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Have You Played... Gunpoint?

Frog noir

Reading, England. A town that's big enough to be a city, but somehow is not. It was where Gunpoint entered my life. Of all the hard drives in the world, it had to be installed on mine.

The idea from developer Tom Francis was remarkably simple: give a PI the kit to scale walls and jump incredible distances with "bullfrog trousers". Let them tinker with electronics to confuse security guards while infiltrating various key facilities. Items are unlocked as you progress and you're free to tackle each mission as you please, but your performance is ranked. So rather than just solving problems with your fists, the game encourages you to vanish without a trace.

But what sold it for me was the noir writing, the disgruntled detective framed for a crime he never committed. Conway's tale is a more modern one than classic noir, but it follows the same tropes that those more familiar with that writing style would appreciate. Sure, it isn't as fleshed-out compared to the master of noir fiction that is Raymond Chandler, but it fit the story well and gave me the crime caper I was looking for at the time.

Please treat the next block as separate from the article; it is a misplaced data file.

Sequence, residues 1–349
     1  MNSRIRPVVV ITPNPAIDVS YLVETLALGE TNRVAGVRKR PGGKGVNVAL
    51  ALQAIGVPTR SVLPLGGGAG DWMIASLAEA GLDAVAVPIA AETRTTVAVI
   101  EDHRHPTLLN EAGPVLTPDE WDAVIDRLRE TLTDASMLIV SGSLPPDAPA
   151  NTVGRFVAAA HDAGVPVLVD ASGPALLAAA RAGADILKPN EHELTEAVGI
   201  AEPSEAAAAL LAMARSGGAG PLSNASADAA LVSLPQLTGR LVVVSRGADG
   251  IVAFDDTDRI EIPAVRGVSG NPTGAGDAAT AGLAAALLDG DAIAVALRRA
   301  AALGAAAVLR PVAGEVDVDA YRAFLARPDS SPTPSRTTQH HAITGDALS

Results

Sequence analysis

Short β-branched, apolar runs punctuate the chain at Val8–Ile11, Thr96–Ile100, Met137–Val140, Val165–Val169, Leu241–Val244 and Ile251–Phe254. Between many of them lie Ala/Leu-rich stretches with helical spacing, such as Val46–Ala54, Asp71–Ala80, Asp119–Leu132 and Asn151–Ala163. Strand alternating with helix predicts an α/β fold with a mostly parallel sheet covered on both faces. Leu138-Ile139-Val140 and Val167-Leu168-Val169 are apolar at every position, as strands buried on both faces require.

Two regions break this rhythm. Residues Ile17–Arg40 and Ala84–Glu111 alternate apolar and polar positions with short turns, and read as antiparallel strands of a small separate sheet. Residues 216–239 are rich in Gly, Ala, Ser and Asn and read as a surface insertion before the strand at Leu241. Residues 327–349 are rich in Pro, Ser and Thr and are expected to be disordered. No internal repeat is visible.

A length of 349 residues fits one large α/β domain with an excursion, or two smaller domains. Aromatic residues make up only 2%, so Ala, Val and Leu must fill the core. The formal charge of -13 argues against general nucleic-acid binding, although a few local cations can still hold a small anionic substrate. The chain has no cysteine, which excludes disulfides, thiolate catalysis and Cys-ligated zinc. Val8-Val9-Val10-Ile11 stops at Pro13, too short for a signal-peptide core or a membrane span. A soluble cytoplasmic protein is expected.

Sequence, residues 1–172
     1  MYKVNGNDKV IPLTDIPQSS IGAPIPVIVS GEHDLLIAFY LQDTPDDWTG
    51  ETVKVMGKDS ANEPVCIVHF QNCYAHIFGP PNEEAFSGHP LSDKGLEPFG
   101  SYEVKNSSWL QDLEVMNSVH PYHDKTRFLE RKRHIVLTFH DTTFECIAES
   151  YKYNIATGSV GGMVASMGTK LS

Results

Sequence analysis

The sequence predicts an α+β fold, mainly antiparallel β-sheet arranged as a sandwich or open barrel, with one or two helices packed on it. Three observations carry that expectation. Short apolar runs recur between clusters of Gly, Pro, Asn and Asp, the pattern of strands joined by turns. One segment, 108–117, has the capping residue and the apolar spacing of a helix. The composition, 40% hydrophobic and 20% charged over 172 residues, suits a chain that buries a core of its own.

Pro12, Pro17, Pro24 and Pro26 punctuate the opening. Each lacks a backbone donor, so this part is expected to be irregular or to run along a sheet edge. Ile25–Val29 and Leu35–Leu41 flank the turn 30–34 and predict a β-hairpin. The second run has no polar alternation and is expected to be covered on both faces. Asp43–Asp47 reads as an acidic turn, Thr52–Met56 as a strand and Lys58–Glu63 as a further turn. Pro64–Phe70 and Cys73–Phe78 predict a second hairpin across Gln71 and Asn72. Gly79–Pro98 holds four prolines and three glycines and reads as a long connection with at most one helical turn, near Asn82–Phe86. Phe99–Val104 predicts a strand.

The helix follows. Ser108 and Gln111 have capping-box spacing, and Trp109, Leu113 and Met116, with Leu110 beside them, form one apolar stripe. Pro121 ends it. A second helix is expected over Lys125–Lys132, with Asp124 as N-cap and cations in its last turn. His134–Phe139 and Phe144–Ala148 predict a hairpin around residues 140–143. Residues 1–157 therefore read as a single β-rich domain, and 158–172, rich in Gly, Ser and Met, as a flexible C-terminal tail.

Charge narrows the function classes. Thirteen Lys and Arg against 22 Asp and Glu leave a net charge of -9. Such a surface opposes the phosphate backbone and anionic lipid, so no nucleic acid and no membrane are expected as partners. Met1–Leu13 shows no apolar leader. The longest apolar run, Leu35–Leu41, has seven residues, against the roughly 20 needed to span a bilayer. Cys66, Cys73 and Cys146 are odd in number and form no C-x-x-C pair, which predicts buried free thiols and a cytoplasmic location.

And even after the credits rolled, Gunpoint pulled off its most fascinating feat. It has a choose-your-own-epilogue that will automatically post your answers into a dedicated blog that's unique to you. It's an idea I wish was explored further in other games. Imagine if Divinity: Original Sin had a post-act summary that you can upload and share with your friends to prove that yes, you did kill the bad monster with a sly smile and a dagger to the heart. An online journal of all your exploits is a nice way to reminisce about your feats, as you're sipping a bourbon on the rocks.

Disclosure: Tom Francis writes for us sometimes and he is friends with lots of games journos, having once been one of us dirtballs himself.

About the Author

Dave Irwin avatar

Dave Irwin

Former Guides Writer

When Dave was guides writer for Rock, Paper, Shotgun, it was his privilege to understand how to play certain games well, so that newer players can understand the more complex things about them.

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